Dealing with multifamily units is way more complicated than selling your average single-family home. Whether you’re showing duplexes or an apartment complex with hundreds of units, here are three things to know about selling multifamily units.

Dealing with multifamily units is way more complicated than selling your average single-family home. For one, you’re working with a lot more people, not just the owner and prospective buyers.

Additionally, you’re showing places that buyers need to consider as an investment, not so much the place where they’ll raise future children.

Whether you’re showing duplexes or an apartment complex with hundreds of units, here are three things to know about selling multifamily units.

It’s about way more than location

Location, location, location, they say. It’s a cliche that stuck around because, well, its true. You’ll want to give the neighborhood a look, ensuring that it’s in a high-growth, high-yield area. Buildings in desirable areas that need a little work are better bets than a pristine property in a less desirable part of town.

But beyond location, more factors enter the fold than whether or not you’re selling in a hip part of town.

What matters in a neighborhood?

  • Job growth
  • Rent-to-price ratio
  • Population growth
  • Safety
  • Public transit
  • Crime rates
  • Walk score
  • Buzz/desirability
  • Schools
  • Condition of streets and nearby properties
  • Price of similar properties
  • Local businesses
  • Vacancy levels
  • Employers in the area
  • Socio-economic demographics
  • Price trends
  • Zoning, building and rent codes
  • Nearby competition
  • Average time on market
  • Past sales transactions
  • Average rent in the area
  • Lenders and appraisers involved

You’ll want to look at unit composition — one and two bedrooms may be easier to move than, say, several studios. It’s also important to look at how many units are on the property.

These elements will factor into how quickly you can sell the property and will serve as a basis for setting seller expectations up front. Additionally, the factors listed above will inform your marketing materials as well.

Multifamily is a completely different game

Unlike residential buyers and sellers, multifamily real estate investing comes with less emotion involved. As such, you’ll need to ensure that you’re working to help your clients get the best possible return on investment (ROI).

Instead of presenting prospective buyers with the house of their dreams, complete with the requisite batch of cookies in the oven, it’s all about the facts and figures. As such, you’ll need to be prepared with information about existing tenants, expenses, upgrades and the local real estate market.

Another critical difference is that multifamily listings have a longer transaction cycle than their single-family counterparts. So, there’s a longer turnaround time between the initial showing and cashing that commission check.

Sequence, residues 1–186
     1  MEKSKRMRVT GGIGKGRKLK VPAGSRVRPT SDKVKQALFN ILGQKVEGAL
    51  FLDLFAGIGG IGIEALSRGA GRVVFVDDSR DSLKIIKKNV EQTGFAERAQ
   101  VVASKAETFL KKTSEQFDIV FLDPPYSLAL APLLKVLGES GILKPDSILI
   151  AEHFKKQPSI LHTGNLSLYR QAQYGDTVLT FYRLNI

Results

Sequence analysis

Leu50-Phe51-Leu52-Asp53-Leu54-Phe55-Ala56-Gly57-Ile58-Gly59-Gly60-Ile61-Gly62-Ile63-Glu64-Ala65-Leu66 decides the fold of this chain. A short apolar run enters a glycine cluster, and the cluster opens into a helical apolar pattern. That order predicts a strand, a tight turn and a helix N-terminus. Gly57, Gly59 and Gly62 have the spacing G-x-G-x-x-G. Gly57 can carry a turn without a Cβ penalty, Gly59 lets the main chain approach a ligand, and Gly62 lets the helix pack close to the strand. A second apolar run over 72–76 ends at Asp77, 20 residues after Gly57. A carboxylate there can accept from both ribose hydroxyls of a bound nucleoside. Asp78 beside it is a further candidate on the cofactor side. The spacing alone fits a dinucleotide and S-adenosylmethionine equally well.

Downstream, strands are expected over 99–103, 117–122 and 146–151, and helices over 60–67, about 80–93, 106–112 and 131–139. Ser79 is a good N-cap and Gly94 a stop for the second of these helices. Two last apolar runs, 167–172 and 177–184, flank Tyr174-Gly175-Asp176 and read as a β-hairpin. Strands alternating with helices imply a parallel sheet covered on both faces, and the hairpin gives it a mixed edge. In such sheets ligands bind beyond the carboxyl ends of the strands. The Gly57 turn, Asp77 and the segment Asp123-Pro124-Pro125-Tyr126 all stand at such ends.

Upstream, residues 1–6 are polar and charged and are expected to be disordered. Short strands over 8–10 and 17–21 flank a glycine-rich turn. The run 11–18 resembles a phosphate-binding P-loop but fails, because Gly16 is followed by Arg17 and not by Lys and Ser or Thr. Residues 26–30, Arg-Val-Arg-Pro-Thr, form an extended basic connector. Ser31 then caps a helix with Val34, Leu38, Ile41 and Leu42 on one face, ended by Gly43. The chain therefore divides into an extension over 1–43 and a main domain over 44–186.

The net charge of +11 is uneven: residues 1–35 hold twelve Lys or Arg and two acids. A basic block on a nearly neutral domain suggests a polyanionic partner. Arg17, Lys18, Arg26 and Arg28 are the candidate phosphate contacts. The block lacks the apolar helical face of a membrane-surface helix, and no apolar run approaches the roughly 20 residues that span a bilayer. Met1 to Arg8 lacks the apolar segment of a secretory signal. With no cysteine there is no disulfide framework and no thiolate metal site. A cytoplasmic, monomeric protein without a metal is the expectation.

Make sure property is looking its best

Sellers need to understand that the property will sell better when they take care of some basic maintenance needs before they start showing the property. When a home hasn’t been prepared for sale, investors will view the property as a money pit situation.

As such, you’ll need to make sure your seller tends to a few critical areas of the property. Here are a few things that can help move things along much faster:

Landscaping must be up to snuff

A little TLC where the landscaping is concerned goes a long way. Make sure the owner trims the bushes and shrubs ahead of showing the property.

Additionally, encourage the owner to update the flower beds and add in some finishing touches like benches and planters, if appropriate.

Common areas should be cleaned

Many multifamily properties come with shared laundry rooms, lounge areas and outdoor spaces. It is vital that these spaces are cleaned and properly maintained. If applicable, be sure to get rid of any old equipment like broken appliances, old furniture or anything else that suggests neglect.

Hardware must be in working condition

Doors, windows and locks for all units should be in working order. If doors seem flimsy or latches are difficult to use, it’s a poor reflection on the property, as well as on the owner.

While the new buyers will likely make some changes on their own, small signs of neglect might make them worry that several expenses are waiting for them after they buy.

Final thoughts

In the end, selling a multifamily home presents some challenges you won’t find with a typical single family unit. Here, it’s important to note that sales hinge on your ability to provide clear, accurate information — it’s not the place to spin something that plays into buyers’ emotions.

As an agent, you’ll need to be prepared to field questions about property values, tenant rights and what it takes to close the deal. Oh, and guiding the seller through a few minor upgrades won’t hurt either.

Brett Lyon is a partner and broker with Lyon Stahl Investment Real Estate in Los Angeles. Follow him on Facebook, or connect with him on LinkedIn.

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